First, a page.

From the above, it becomes clear that the IN remains intellectually stunted by being unwilling to take the required paradigm transformational leap of the type required for the net security provider for the IOR. Sound common sense suggests that the IN should combine its NGMV and NGC requirements by opting for common-hull 3,500-tonne LCS-type vessels (numbering 18 units) that ought to incorporate the following:
1) A 76/62 SRGM of the type already in service with the IN, plus two remotely-operated six-barrelled AK-630M cannons as close-in weapon systems.
Fire-control for all these weapons will be provided by the Pharos radar, which is now being co-developed by THALES of France and India’s Bharat Electronics Ltd.
2) Up to 24 vertically-launched Barak-8 LR-SAMs.
3) Up to 12 dual-tasked, vertically-launched long-range cruise missiles (either BrahMos-1/BrahMos-NG or Nirbhay) equipped with DRDO-developed X-band imaging monopulse active seekers capable of accepting programmable target recognition algorithms for either land-attack or anti-ship strike in real-time.
4) Twin two-tube heavyweight torpedo launchers—one on the port-side and one on the starboard-side of the LCS.
5) Integrated main mast (of the types available from France, The Netherlands, Italy or Russia) that houses all the required types of RF sensors, optronic sensors as well as integrated communications and electronic warfare suites. By resolving the electromagnetic conflicts and line-of-sight obstructions inherent to traditional topside antenna arrangements, the integrated mast aims at delivering an unobstructed field-of-view, reduced radar cross-section; ease of electromagnetic friction and simplifies shipboard integration.
This in turn provides a significant benefit in terms of improved operational performance and availability, shorter shipbuilding time, reduced maintenance requirements and significant savings in below-deck volume. In an integrated mast various antennae are integrated within the design of the mast itself along with the electronic equipment to be “integrated” in the mast as a single unit. The result is a mast that is a structurally self-supporting module.
6) A multi-purpose, remotely-operated rigid-hull inflatable boat (RHIB) capable of carrying either side-scan sonar, or mine-detection sonar, or mine disposal robotic vehicle, or a dunking sonar. Such vehicles are also known as unmanned surface vessels (USV).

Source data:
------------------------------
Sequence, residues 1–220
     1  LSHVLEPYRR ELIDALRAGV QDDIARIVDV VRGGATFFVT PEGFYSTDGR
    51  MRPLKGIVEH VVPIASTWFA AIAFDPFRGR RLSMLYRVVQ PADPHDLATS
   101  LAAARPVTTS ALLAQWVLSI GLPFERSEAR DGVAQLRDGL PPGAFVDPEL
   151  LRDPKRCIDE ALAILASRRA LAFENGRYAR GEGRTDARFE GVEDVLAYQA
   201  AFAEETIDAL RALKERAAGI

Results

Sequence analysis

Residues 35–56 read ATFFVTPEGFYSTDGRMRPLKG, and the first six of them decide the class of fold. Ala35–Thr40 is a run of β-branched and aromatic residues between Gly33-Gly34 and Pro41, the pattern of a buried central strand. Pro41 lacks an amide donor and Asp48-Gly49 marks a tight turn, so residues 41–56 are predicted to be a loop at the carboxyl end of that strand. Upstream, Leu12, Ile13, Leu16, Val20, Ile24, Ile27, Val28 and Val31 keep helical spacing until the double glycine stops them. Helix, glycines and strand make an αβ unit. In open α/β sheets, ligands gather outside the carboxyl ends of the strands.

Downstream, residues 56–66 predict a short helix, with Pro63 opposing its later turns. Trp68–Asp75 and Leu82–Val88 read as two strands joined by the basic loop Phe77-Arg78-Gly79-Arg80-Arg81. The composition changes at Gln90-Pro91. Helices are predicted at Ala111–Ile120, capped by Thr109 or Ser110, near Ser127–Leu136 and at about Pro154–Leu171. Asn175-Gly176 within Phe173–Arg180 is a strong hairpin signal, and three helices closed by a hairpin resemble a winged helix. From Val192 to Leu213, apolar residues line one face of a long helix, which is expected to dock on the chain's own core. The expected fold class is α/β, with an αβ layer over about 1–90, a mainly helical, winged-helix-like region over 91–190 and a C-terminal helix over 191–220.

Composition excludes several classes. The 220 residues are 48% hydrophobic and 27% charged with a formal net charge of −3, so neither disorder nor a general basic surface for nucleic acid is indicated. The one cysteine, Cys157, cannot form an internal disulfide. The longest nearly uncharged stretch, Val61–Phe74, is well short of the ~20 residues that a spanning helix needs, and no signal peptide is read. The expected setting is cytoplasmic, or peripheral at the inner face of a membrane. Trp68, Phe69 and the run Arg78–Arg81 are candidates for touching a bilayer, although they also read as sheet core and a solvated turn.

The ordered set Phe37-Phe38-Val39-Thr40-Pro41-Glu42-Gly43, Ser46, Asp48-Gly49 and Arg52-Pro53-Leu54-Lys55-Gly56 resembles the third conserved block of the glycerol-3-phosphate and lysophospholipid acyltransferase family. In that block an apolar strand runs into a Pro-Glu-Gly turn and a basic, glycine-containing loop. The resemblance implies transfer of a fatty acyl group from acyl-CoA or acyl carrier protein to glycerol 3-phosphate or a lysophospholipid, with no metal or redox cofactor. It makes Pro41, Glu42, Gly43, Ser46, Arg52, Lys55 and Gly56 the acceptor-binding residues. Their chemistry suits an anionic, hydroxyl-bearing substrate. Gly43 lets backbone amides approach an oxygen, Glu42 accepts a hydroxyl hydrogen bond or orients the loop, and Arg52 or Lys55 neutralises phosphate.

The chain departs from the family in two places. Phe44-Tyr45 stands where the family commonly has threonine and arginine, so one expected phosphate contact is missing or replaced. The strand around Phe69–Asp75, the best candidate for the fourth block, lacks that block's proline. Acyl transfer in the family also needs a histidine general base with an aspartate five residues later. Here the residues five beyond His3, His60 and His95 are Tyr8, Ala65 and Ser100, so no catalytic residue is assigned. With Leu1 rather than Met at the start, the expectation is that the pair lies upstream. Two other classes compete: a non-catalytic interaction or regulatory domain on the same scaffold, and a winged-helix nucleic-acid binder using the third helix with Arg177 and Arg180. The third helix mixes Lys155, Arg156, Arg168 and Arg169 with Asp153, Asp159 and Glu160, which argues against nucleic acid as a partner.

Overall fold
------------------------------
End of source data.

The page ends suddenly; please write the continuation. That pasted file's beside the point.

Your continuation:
7) A stern-mounted helicopter deck capable of accommodating a 10-tonne naval multi-role helicopter and an armed VTOL-UAS that is also equipped with both a search radar and an gimballed optronic sensor suite.
8) A new-generation 360-degree augmented reality wall Combat Information Centre (CIC) housing the combat management system (CMS), which is network-centric and makes extensive use of software-defined radios (SDR).
Outside the US, there are only three major shipbuilders that are implementing on-going contracts for supplying LCS-type multi-mission guided-missile corvettes—Naval Forces of France, Fincantieri of Italy, and Russia’s United Shipbuilding Corp.
France’s Naval Forces has bagged contracts for its Gowing-2500 LCS design from Malaysia (six units) and Egypt (four units). The Gowind-2500 LCS incorporates the SETIS CMS (originally developed by DCNS for FREMM guided-missile frigates and GOWIND family of corvettes), the Panoramic Sensors and Intelligence Module (PSIM)—an assembly bringing together the integrated mast with its various instruments as well as the Operational Centre and its associated technical rooms, and a high-degree of integration, automation and conviviality. The 2,600-tonne Gowind-2500 LCS has a length of 102 metres, width of 16 metres, maximum speed of 25 Knots, crew complement of 65, range of 3,700 nautical miles while cruising at 15 Knots, and a combined diesel and diesel (CODAD) propulsion package.
Fincantieri’s LCS design has been ordered by the Qatar Emiri Naval Forces (QENF)—this being for four vessels. Each such LCS will have a full load displacement of 3,250 tonnes, and have a length of 107 metres. The armament suite will comprise dual quad-cell MBDA-supplied Exocet MM-40 Block-III anti-ship cruise missiles, twin Marlin 30-mm remote weapon stations, a 76mm OTOBreda main gun, 16-cell vertical launch system (VLS) for the MBDA-developed Aster-30 long-range surface-to-air missile (SAM) and a 21-cell Rolling Airframe Missile (RAM) system. In addition, the vessel is fitted with a CODAD propulsion package, and can accommodate 112 people on-board, including 98 crew-members.